"And this is just the tip of the iceberg" on cost control, said Tersigni.

Shetty long has wanted to expand his model of providing care beyond India, and he has been in talks with Ascension Health Alliance for about two years about a potential partnership. He attracted the attention of the Cayman Islands government, and island officials initiated talks with him about bringing health care services to the region, according to Doyle.

Tersigni explained that Ascension Health Alliance was drawn to the project because it extends the system's international aid work. He said the Cayman Islands and other Caribbean nations lack specialist services. Studies indicate that residents travel off-island to receive care valued at more than $100 million annually, said Tersigni. The Cayman Islands government pays much of these costs for its citizens.

Tersigni said the health city facilities will mainly treat people living in the Caribbean. While a press release announcing the partnership said the initiative will benefit the Caribbean region and the Americas, Tersigni said the focus is on providing "high-quality care for Caribbean residents at a low cost."

He noted that while the facility will be classified as a for-profit, it still will have a charitable mission, providing care to underserved and low-income people. It will abide by the Ethical and Religious Directives for Catholic Health Care Services. He added that as in the U.S., while the standard of living in the Cayman Islands is high, there are "always those who are poor and vulnerable and in need of care É Dr. Shetty shares our commitment to providing care to all, so as the project takes shape, we are confident that there will be high utilization by both those who can afford to pay for care and those who cannot."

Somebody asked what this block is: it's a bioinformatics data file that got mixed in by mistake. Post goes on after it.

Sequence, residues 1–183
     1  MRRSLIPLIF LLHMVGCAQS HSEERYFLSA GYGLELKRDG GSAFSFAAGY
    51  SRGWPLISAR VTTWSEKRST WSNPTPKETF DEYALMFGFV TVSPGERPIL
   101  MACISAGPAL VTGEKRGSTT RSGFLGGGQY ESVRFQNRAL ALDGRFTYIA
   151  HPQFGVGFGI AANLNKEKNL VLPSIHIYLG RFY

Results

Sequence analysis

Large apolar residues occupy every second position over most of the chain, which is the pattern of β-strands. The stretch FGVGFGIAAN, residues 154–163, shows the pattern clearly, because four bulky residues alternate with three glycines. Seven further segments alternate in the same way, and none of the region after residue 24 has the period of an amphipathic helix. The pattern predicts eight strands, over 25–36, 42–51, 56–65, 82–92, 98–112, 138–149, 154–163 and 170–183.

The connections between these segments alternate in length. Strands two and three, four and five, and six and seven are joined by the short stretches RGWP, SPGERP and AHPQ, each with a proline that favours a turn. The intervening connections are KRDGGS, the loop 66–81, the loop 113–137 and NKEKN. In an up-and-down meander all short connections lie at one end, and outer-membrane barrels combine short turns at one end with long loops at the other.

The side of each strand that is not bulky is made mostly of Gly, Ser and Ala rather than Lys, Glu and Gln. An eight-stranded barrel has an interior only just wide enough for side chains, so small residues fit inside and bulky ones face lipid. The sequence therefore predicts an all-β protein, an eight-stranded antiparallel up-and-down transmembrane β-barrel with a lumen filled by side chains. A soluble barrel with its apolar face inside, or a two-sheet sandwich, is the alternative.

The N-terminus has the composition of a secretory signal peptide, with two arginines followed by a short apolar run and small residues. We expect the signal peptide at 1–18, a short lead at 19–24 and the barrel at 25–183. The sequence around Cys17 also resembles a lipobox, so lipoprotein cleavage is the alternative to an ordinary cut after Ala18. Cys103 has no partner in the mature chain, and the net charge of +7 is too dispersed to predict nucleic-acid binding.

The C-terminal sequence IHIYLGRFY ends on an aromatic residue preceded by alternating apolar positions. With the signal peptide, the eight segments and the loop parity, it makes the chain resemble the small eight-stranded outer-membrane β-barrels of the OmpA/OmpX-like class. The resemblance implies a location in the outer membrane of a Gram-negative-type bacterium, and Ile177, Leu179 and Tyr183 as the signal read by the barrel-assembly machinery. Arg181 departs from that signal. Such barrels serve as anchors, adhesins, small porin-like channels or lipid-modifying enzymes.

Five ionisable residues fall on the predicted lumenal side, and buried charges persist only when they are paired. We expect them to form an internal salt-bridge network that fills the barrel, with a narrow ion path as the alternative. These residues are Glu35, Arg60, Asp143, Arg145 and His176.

He said that the Cayman health city "will provide Ascension Health Alliance and its subsidiaries opportunities to examine and learn about different approaches to providing health care to all with special attention to those who are poor and vulnerable. These learnings can benefit facilities in the U.S. and worldwide," he added.

Tersigni and Doyle noted that Narayana Hrudayalaya's mission and values are compatible with those of Ascension Health Alliance. Shetty's vision is to make care accessible to people of average and low means, according to materials from his organization. Tersigni mentioned that Shetty was Mother Teresa's cardiologist toward the end of her life. "She impacted him. He believes that the poor should not be forgotten," Tersigni said.

The complex will employ physicians, other clinicians and staff from the Caribbean and around the world.

In addition to providing funds, Ascension Health Alliance will provide facilities planning, supply chain management and biomedical engineering support for the project.

Doyle noted that Ascension Health Alliance expects to reap significant benefits from the partnership, particularly by learning from Shetty's model how to contain health care costs while maintaining high-quality care standards.


Copyright © 2012 by the Catholic Health Association of the United States
For reprint permission, contact Betty Crosby or call (314) 253-3477.

Copyright © 2012 by the Catholic Health Association of the United States

For reprint permission, contact Betty Crosby or call (314) 253-3490.